Hungarian Soldier vs Soviet Soldier: Eastern Front 1941 (Combat) (Paperback)
This fully illustrated study assesses the Hungarian and Soviet forces that clashed repeatedly in 1941 during the Barbarossa campaign of World War II.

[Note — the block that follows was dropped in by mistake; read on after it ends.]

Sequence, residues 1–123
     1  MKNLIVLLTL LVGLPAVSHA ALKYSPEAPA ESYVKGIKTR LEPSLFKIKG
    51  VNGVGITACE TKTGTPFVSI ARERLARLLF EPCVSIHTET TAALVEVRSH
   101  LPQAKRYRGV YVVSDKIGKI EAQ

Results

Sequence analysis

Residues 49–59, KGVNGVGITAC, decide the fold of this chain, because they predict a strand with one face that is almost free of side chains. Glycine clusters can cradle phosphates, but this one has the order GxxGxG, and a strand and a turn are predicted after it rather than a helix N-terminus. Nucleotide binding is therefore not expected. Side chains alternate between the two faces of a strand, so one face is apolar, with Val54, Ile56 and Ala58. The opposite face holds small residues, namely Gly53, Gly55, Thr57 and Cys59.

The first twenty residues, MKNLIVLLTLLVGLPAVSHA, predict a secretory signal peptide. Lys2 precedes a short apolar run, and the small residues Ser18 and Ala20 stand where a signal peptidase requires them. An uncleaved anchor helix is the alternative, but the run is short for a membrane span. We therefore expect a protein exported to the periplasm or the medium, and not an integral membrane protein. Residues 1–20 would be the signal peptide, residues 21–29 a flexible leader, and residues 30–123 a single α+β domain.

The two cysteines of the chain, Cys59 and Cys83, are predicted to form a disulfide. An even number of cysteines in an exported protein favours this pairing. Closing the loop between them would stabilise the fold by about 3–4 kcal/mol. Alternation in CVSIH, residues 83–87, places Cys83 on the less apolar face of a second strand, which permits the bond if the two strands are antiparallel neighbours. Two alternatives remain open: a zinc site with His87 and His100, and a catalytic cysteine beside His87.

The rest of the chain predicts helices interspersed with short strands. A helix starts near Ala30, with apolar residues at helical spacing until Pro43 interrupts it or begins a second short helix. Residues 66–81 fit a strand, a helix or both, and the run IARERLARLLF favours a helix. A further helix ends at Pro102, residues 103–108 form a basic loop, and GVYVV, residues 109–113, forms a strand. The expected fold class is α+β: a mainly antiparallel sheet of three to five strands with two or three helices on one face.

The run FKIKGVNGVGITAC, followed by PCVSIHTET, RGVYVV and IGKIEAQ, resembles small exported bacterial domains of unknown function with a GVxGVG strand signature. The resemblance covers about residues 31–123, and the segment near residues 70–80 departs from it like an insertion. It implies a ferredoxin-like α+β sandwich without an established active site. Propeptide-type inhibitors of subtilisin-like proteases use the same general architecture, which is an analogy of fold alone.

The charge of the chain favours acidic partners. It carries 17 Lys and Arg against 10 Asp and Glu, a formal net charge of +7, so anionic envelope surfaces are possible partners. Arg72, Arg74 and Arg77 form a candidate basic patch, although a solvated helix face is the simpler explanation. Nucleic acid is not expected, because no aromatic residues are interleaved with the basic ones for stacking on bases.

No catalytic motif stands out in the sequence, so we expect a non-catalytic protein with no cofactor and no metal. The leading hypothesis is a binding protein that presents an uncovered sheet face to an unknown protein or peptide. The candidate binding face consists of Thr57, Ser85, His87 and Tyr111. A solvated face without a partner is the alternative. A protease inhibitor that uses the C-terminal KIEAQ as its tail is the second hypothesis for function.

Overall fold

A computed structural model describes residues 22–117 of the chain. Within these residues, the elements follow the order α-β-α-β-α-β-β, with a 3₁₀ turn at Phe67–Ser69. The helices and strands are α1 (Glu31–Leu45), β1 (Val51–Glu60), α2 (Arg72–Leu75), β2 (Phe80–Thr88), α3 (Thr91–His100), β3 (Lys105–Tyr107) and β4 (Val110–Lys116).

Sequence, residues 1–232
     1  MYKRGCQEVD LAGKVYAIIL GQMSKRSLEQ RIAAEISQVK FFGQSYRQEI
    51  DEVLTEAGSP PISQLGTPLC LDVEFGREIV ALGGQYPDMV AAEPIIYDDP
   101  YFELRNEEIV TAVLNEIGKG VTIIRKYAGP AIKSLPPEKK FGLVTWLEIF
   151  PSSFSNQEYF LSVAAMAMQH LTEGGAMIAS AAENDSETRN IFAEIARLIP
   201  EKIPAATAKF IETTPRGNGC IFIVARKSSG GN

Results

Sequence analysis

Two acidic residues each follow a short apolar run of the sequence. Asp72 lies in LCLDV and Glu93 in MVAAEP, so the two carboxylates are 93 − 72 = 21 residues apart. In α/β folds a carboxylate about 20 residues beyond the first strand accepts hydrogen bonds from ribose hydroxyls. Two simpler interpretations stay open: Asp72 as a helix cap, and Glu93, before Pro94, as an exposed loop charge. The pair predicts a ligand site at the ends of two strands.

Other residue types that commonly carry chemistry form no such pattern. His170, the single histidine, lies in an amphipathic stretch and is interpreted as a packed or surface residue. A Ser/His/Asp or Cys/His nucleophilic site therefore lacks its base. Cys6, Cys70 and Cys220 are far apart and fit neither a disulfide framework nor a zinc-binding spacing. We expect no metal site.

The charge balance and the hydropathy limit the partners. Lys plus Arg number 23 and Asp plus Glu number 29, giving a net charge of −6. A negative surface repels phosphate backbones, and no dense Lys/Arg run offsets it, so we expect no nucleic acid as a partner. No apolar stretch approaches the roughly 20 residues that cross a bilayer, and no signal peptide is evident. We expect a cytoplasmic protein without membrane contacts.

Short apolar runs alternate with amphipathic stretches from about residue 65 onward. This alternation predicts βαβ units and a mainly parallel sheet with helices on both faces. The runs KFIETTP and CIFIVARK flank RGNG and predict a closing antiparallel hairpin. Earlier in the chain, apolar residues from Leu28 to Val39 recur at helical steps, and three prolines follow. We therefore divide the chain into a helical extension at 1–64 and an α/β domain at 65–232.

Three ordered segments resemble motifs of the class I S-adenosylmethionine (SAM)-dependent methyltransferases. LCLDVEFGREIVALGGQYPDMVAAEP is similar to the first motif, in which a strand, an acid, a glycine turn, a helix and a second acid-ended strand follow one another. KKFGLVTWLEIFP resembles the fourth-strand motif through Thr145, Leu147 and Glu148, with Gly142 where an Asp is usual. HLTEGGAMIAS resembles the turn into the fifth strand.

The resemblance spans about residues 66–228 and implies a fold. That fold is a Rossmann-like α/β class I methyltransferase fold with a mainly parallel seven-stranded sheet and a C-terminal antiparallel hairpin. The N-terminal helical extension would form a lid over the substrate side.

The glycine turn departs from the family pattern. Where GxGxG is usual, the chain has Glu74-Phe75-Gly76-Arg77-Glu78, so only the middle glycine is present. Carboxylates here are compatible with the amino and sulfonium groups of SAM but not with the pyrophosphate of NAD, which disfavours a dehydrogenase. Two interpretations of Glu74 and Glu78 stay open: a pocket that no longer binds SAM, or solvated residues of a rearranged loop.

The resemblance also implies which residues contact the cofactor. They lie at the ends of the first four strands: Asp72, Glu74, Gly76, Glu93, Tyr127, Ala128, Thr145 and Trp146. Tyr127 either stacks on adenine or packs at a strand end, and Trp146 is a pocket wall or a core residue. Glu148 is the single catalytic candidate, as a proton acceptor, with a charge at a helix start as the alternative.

At the end of June 1941, following an aerial attack on the town of Kassa, Hungary joined its Axis partners in Operation Barbarossa, the German invasion of the Soviet Union. Hungary's contribution to Barbarossa was spearheaded by the Mobile Corps, a formation made up of motorized riflemen, cavalry, bicycle troops and light armor. The Soviet forces facing the Hungarians belonged to the Kiev Military District, deployed in four armies along a front nearly 600 miles long. The Red Army, while remaining among the most formidable armies of the era, had been seriously weakened by successive purges, its shortcomings exposed by the Winter War against Finland in 1939–40. This fully illustrated study casts new light on the role played by the forces of Nazi Germany's Allies on the Eastern Front and explores the tactics and weaponry employed by the Hungarian and Soviet forces in the Barbarossa campaign, notably during the two sides' initial clashes, the desperate battle for Uman, and the Soviet counter-attack at the River Dniepr.